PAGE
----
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Sunday, June 12, 2011

Islamic Inheritance: Hiba — Capacity for Making a Gift (part 2)

Acceptance – The one who can receive is known as the donee. Acceptance may be made expressly or implied by conduct. Any person can receive a gift if he or she is in existence at the time of the gift. An absolute gift to an unborn child is invalid, but if the child is born within six months of the date of gift, it will be valid on the presumption that the child was actually existing in the womb of the mother. A muslim may also make a lawful gift to a non-muslim. The Donee must be in existence at the time of giving the gift, & In case of a minor or lunatic, the possession must be given to the legal guardian otherwise the gift is void.

A Gift to an unborn person is void. However, gift of future usufructs to an unborn person is valid provided that the donee is in being when the interest opens out for heirs.

A gift is void is the donee has not given his acceptance. The real test of the delivery of possession is to see who (the donor or the donee) reaps the benefits of the property. If the donor is reaping the benefit then the delivery is not done and the gift is invalid.

Muslim law recognises the difference between the corpus and the usufructs of a property. Corpus, or Ayn, means the absolute right of ownership of the property which is heritable and is unlimited in point of time, while, usufructs, or Manafi, means the right to use and enjoy the property. It is limited and is not heritable. The gift of the corpus of a thing is called Hiba and the gift of only the usufructs of a property is called Ariya.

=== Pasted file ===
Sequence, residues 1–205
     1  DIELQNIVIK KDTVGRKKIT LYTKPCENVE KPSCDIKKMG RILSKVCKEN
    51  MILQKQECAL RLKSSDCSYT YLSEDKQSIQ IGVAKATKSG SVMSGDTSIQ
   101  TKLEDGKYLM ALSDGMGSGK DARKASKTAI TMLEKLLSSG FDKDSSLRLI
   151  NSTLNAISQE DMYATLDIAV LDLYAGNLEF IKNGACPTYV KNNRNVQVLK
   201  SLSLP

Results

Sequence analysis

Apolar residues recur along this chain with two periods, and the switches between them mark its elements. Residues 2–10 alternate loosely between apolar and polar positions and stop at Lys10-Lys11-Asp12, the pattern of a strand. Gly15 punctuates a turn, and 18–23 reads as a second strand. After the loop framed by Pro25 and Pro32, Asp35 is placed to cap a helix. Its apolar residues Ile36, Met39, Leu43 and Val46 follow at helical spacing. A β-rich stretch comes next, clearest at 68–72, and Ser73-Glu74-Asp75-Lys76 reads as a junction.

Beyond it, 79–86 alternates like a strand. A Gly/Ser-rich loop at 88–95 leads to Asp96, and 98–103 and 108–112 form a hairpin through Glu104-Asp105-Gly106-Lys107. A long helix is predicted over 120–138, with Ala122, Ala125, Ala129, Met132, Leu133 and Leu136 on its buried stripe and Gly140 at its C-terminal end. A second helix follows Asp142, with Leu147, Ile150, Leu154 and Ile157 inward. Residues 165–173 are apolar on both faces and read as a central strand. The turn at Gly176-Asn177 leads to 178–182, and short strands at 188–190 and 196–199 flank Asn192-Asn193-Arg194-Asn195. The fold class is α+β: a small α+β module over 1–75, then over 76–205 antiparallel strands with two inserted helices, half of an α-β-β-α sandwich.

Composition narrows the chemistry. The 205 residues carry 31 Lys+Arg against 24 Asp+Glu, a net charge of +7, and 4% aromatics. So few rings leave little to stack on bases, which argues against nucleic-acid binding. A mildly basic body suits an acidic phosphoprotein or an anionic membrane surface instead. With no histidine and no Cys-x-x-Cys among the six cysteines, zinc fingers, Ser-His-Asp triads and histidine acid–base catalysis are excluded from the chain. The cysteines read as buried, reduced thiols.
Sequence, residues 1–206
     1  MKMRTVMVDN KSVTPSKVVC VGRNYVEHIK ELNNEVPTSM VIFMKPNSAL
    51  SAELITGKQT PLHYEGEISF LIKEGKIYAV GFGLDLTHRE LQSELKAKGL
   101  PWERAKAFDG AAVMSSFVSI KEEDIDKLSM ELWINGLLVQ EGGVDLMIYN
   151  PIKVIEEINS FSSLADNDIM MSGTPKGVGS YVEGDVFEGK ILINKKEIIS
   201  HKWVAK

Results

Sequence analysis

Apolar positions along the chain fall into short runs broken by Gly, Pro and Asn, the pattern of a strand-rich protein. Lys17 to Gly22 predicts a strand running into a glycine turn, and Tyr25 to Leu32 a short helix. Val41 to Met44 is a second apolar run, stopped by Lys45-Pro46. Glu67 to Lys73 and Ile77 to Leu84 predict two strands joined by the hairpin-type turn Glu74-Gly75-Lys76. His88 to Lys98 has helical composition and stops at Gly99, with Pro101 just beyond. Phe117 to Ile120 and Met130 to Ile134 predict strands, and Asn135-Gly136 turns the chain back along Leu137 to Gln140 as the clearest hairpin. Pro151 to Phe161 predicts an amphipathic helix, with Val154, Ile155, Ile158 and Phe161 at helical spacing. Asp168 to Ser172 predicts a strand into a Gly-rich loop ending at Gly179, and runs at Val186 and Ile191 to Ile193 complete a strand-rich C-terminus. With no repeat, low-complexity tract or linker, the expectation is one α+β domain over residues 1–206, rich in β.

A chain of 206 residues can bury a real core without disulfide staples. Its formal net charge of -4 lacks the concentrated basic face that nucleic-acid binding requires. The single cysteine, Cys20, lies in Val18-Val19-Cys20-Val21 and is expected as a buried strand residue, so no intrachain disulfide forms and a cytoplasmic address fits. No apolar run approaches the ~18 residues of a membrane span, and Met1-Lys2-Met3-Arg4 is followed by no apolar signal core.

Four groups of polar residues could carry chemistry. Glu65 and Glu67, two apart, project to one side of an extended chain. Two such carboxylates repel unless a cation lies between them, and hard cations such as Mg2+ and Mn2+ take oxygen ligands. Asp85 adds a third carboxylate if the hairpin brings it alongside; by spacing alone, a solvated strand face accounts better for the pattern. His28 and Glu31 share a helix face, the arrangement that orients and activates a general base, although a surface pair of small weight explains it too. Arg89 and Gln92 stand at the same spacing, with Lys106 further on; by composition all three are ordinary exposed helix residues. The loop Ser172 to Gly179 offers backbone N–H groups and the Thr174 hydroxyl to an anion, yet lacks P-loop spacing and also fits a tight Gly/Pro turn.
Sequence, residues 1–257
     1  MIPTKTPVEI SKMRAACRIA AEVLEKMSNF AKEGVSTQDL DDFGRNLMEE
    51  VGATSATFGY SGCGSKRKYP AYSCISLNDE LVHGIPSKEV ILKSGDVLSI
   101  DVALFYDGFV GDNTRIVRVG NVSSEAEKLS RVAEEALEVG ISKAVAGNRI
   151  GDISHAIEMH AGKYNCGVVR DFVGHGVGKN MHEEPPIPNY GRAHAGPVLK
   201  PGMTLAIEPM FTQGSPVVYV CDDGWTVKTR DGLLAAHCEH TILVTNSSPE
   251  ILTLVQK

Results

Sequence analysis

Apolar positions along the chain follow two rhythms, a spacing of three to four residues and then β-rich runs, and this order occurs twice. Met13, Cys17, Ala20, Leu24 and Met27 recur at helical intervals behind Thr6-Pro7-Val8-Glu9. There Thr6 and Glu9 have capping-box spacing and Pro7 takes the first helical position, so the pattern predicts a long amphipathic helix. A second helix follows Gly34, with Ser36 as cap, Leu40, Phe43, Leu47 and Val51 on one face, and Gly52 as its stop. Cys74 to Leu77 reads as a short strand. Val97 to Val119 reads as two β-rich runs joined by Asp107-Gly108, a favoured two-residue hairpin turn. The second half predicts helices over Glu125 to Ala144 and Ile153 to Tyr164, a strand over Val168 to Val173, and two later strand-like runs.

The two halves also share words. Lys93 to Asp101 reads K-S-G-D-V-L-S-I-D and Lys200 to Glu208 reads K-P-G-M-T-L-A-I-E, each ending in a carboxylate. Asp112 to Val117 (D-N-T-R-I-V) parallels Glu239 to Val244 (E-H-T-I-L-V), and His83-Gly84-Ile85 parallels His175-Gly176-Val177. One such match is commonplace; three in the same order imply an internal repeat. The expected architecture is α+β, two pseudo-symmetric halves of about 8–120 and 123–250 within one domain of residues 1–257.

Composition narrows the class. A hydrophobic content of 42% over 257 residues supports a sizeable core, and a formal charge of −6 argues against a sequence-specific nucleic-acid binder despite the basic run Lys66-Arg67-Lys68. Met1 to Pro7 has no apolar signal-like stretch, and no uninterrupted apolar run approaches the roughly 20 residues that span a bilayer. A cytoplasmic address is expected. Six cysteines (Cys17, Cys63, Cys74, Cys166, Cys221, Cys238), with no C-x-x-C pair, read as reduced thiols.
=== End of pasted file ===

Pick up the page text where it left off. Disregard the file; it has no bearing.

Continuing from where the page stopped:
A Hiba, once validly created cannot be revoked. No receiver of a gift under a Hiba can also be compelled to give anything in exchange. Of course, it is quite common that the donor and receiver agree that something will be done or given in exchange for the gift, and such gifts fall under a different category altogether, known as Hiba bil Iwaz or gifts for return.

A Hiba which does not take effect immediately is of no effect whatsoever. Finally, a Hiba which is purported to be made by a person who is on his death-bed, cannot operate on a greater piece of property than his will (or Wasiyat) would, if he had left behind a will. Such gifts in contemplation of death are known as donatio mortis causa and can operate to the extent of one-third of the donor’s estate only. As distinguished from a Will, a gift may be made of the whole property of the donor, even to an heir. It can be made in favour of a stranger to the exclusion of his heir. The only restriction is the rule which invalidates death-bed gifts.

Having regard to all of the above, it is clear that a Muslim gentleman who wants to provide for his son or daughter like his Hindu or Christian brethren, would, instead of executing a Settlement Deed, make a Hiba of his property in such manner and form as he thought fit, and thereby, ensure that the son or daughter in question had a piece of property which they could then utilise for their maintenance and upkeep. 

Rajiv Shah
Head - Life and Pensions
Earnest Insurance Brokers

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